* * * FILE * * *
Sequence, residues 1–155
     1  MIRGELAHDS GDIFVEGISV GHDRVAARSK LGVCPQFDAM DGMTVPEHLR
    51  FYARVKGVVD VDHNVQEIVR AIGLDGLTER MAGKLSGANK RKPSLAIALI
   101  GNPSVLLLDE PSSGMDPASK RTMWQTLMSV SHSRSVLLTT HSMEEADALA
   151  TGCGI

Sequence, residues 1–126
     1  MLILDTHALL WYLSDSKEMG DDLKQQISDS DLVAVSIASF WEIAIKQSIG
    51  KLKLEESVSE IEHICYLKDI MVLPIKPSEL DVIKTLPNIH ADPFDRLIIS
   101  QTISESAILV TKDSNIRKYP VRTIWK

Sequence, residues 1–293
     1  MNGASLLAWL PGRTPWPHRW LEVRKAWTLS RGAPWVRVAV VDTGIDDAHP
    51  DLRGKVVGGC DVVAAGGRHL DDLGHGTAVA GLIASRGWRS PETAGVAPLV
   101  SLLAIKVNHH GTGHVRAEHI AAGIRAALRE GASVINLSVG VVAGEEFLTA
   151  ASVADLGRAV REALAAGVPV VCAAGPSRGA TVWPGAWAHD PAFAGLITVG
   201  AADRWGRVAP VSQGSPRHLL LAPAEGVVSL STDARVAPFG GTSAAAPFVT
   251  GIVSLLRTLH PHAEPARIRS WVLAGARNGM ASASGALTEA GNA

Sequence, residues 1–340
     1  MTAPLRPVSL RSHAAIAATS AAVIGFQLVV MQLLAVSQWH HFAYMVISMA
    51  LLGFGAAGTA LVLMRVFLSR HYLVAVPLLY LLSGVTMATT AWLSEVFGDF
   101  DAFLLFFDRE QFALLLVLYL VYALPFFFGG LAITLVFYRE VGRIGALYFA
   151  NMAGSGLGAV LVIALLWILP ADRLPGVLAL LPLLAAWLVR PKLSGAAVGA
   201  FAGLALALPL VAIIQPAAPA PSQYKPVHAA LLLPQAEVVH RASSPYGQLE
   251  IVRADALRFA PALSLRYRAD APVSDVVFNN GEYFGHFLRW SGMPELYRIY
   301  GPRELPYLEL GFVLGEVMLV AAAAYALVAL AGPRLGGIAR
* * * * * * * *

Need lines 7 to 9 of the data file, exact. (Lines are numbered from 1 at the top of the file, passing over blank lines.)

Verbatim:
     1  MLILDTHALL WYLSDSKEMG DDLKQQISDS DLVAVSIASF WEIAIKQSIG
    51  KLKLEESVSE IEHICYLKDI MVLPIKPSEL DVIKTLPNIH ADPFDRLIIS
   101  QTISESAILV TKDSNIRKYP VRTIWK